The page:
One of my college goals was to go abroad for a semester. I ended up not having time to fit in that experience (because of an amazing organization called IUSF!). However, I was fortunate enough to have friends go abroad shortly after we graduated & off to Europe I went! Fast forward 10 years & we have friends living abroad again - this time in Japan. In college, my mom had the offer extended to her to travel home with a Japanese friend from college, and she just wasn't able to do it at the time. I've heard her mention that missed-trip-opportunity a few times, so I didn't want to miss out on this one. Last Fall, I was talking about going & my dad (jokingly, I think?) threw out the suggestion that I take her with me. Fast forward 3 months & we were booking our tickets to Tokyo!
I've passed on her blog link before, but April has done such an amazing job soaking in the culture/education/opportunity. And, she's done an amazing job passing all of that information along to the rest of us during the past 2+ yrs. In person, I was equally, if not more, impressed with the confidence she had moving us from one train line to the next, to making & confirming reservations, and even acquiring a hard to fathom appointment into the ever-so-exclusive Japanese school system! Miracle worker, I tell ya!
It was truly an amazing experience & I don't even know where to begin...except the beginning. I'll try to keep it brief & to the highlights, but who knows... *These photos are a combination of my DSLR, point & shoot and April's phone. So, basically I'm saying, the quality will vary. : )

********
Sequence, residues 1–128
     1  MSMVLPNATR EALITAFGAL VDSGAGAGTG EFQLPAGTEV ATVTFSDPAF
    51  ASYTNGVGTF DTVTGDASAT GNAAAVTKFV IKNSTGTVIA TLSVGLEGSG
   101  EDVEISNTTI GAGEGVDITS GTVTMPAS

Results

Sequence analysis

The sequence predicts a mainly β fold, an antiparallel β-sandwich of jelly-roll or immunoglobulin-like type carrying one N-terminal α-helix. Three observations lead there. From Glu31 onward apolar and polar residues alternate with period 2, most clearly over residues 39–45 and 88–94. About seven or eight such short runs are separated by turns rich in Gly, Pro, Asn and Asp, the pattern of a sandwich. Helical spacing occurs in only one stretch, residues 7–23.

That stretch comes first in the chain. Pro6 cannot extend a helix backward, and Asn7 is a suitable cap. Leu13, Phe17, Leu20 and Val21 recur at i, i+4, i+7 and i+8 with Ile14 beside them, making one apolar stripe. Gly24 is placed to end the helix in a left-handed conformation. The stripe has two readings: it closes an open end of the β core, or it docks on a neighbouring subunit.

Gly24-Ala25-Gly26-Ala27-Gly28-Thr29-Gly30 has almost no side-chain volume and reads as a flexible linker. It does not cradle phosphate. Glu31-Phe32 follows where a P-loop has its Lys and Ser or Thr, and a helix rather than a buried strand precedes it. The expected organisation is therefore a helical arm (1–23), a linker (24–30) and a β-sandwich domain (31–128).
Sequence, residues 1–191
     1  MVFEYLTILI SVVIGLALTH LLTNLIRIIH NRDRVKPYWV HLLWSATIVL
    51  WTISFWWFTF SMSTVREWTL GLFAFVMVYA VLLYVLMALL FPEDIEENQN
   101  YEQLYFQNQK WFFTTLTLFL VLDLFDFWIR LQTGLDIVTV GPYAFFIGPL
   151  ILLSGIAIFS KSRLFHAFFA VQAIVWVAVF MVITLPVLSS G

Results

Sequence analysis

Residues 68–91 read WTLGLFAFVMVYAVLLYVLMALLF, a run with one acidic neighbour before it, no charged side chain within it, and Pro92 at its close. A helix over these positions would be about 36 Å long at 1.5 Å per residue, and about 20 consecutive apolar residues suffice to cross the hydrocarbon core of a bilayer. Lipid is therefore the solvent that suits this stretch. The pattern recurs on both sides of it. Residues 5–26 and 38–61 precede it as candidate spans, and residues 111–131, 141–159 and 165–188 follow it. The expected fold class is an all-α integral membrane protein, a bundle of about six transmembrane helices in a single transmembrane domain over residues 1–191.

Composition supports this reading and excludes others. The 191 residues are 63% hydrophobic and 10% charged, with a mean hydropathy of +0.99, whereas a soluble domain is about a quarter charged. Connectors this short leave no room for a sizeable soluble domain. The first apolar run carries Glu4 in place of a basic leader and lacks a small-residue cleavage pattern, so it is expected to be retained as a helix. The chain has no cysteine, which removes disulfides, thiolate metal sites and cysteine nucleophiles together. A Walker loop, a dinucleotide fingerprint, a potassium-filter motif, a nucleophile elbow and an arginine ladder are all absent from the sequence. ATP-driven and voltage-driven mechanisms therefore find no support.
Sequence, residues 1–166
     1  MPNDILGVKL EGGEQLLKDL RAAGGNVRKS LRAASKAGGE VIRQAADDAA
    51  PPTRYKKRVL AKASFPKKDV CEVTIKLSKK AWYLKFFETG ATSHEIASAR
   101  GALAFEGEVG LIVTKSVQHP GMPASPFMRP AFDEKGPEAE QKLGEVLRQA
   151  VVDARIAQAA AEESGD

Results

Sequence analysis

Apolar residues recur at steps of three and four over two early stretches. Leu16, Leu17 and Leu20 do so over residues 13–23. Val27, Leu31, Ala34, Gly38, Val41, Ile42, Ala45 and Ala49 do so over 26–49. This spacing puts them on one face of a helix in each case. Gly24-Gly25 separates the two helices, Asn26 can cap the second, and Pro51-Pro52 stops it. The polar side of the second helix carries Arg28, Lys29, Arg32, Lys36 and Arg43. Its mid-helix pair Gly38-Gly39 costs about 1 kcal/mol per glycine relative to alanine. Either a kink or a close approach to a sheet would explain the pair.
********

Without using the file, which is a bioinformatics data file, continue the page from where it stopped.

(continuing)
My dad dropped off my mom & I at the Louisville International Airport bright & (way) early for the first leg of our trip. About 30 minutes or so before we were scheduled to leave, my mom saw "Cancelled" pop onto the board. What?! We hopped over into the line (4th, by the way) and 1 hour later we had been booked on a new set of flights, that would supposedly get us there only 1 hour later than originally planned. That was a first in all of my traveling experiences & was definitely foreshadowing of how the rest of our traveling might go...
We arrived at O'Hare & were greeted at the gate by this lovely lady holding a clipboard with our names! Whaaat? She personally escorted us to our next flight, which was actually our original flight! I'm not sure what or how that happened, but I sent April a message from the runway & said, "We are on our way, as originally planned!" A smooth 12 hour flight later & we were in the Land of the Rising Sun! (without our luggage, but that's another story for another time)
When we got back to her house, we made a quick trip to the neighborhood grocery (which has Valet parking available - awesome!). Some things that really stood out to us were the excessive packaging in an environmentally conscientious society, the $10 Honey Nut Cheerios, the $7 brownies and the size of the milk!
April had planned out our whole week's itinerary so amazingly. She took requests & totally fulfilled them! Our first meal there was a restaurant where the sushi was served on a conveyor belt (in Roppongi Hills). There were several different plate designs/colors/thicknesses to let them know how to charge you. Check out the stack of plates behind my mom - those folks got their sushi fill, for sure!
More conveyor sushi - a shot of one of the infamous vending machines - and Mori Tower that first night, which was rainy, dreary & windy...